Lars Kynde (b. 1981)
Lars Kynde is a composer and sound artist. He started playing cello and percussion as a child and has played ever since. After he graduated from The Royal Danish Academy of Music in Copenhagen as a composer, he moved to the Netherlands to explore his interests in the relationship between music and visual art. To broaden his knowledge about visual art, he studied Art Science at the Royal Academy of Art in Hague. He currently lives and works in the Netherlands.
Lars Kynde is a composer that delights in creating the instruments on which his compositions are played - in fact these two aspects of music making are not so easily separated in his case and the invention of new instruments and the music created for them melt into surprising new forms. Kynde’s works focus on the mutual influence of the music, the instrument and the notation system. By building physical sculptures, mechanical machines and three-dimensional scores he seeks new ways of constructing and comprehending musical structures. The instruments contain a duality that enables them to be presented both as instillations on exhibitions and as instruments in concerts.
Kynde often collaborates with artists in other fields to create a boarder range of musical experience. He has performed and exhibited extensively abroad, including in Mexico, Australia and most of the European Countries.
With inspiration from historical performance practices in combination with modern technologies and free imagination Kynde’s works suggest an alternative basis for future music.
Elephant Heart (2010)
Elephant Heart is both an instrument and musical score at the same time. It is an alternative way of music notation and can therefore be seen as a “composition machine”.
The setup includes a conveyer belt, which functions as the score and conveys small marbles as notes. At the end of the belt, the marbles fall down and hit tuned metal tubes, which functions as the sounding part of the installation – the “Tubephone Campignon”.
The instrument is played by three performers: “Tempo”, “Rhythm” and “Pitch”. The Tempo player conducts the tempo by controlling the belt, so it either rolls slow or fast. The Rhythm player installs the marbles on the belt following rhythmical patterns according to the colours of the belt. The Pitch player turns the “Tubephone” so that each falling marble makes a sound in a different pitch.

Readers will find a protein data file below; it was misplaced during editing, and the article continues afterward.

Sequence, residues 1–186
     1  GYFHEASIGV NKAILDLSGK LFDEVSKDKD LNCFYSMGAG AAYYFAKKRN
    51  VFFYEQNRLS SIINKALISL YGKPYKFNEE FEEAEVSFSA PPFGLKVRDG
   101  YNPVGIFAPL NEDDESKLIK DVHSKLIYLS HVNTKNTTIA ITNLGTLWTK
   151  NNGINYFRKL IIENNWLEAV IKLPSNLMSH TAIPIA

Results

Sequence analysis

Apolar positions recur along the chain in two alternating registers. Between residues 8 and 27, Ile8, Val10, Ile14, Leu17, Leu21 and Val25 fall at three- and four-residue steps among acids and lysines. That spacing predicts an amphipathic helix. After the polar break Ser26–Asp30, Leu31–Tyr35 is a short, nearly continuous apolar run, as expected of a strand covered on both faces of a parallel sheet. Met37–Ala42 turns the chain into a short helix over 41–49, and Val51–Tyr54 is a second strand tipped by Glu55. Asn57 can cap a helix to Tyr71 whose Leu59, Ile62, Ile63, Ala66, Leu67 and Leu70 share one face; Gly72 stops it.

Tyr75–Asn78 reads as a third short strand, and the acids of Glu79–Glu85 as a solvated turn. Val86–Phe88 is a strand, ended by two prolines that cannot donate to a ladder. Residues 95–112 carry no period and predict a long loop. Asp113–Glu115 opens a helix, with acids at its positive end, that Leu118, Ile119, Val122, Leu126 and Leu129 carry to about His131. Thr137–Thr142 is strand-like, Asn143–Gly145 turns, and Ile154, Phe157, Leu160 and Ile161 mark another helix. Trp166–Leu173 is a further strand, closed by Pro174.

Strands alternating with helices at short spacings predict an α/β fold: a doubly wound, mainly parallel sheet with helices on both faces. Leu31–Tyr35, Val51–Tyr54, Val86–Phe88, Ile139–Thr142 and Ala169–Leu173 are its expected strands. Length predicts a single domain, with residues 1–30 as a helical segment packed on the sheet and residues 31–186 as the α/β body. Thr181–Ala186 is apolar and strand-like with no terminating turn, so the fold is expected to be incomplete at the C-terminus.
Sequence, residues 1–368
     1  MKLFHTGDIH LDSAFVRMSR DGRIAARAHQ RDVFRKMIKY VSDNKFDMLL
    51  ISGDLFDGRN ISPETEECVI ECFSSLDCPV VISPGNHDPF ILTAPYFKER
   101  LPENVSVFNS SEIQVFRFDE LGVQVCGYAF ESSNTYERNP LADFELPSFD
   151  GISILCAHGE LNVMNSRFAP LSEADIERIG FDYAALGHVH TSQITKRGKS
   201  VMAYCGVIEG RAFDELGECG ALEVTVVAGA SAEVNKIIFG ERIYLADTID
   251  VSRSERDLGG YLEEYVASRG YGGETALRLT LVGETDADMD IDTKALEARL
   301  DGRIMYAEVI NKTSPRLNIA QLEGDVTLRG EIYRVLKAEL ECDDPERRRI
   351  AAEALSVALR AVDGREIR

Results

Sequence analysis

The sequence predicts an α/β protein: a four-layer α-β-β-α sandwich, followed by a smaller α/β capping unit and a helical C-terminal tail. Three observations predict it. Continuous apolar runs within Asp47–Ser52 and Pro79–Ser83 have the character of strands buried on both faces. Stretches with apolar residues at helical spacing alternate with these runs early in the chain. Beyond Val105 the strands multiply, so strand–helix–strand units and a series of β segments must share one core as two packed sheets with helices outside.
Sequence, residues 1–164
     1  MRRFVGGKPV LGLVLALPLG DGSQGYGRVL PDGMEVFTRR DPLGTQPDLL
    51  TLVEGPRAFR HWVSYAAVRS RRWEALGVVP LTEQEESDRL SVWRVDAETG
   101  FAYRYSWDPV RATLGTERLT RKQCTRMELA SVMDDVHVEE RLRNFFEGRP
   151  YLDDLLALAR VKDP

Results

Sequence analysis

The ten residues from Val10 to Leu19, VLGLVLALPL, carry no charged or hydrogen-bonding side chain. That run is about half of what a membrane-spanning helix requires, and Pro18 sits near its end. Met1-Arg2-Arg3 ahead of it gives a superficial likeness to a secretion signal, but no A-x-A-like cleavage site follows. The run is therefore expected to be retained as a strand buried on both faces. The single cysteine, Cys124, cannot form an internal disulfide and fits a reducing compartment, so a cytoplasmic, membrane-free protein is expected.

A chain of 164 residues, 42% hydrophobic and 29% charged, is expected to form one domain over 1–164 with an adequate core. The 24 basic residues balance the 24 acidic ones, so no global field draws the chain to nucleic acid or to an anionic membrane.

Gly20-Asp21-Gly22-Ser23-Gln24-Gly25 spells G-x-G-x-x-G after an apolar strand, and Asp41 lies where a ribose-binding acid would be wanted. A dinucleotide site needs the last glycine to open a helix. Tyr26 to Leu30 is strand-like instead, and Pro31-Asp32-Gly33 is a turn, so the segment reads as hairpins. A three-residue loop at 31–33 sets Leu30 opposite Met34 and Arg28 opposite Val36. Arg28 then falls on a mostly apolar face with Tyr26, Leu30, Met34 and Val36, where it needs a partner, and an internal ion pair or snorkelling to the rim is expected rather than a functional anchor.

The delay between installing the marbles and the actual sound, exhibits a spot in between composition and improvisation: The performers interact on each others actions, showing each others and the audience what music they can expect at the end of the belt. As the music actually is played it is too late to react. The performers have to be one belt-length ahead of the music.
Other compositions are fixed and expressed with a series of graphical scores. The colours and shapes of these scores correspond to those of the belt and “Tubephone”.
The instrument and the exhibition of it has two purposes:
1. As an exhibited installation where the audience can experience and play the instrument themselves in order to realize the inner structure of the musical limitations the instrument give.
2. As a performance where the audience can listen to virtuoso compositions played by the three performers.
The tuning of the “Tubephone” is a 19-tone circular system based on chains of minor thirds rather than chains of fifths used in the circle of fifths. It is similar to the 34-tone scale described by Larry Hanson (1994).
In 2011 a new version of the instrument was produced with motors of rotating wires, which are hitting the tubes of the “Tubephone”. This enables the instrument to play compositions with sustained tones. The motors are controlled via a wireless based computer interface that shows a virtual conveyer belt. The new version explores the duality of the virtual belt and the real physical belt and the different possibilities of the two worlds.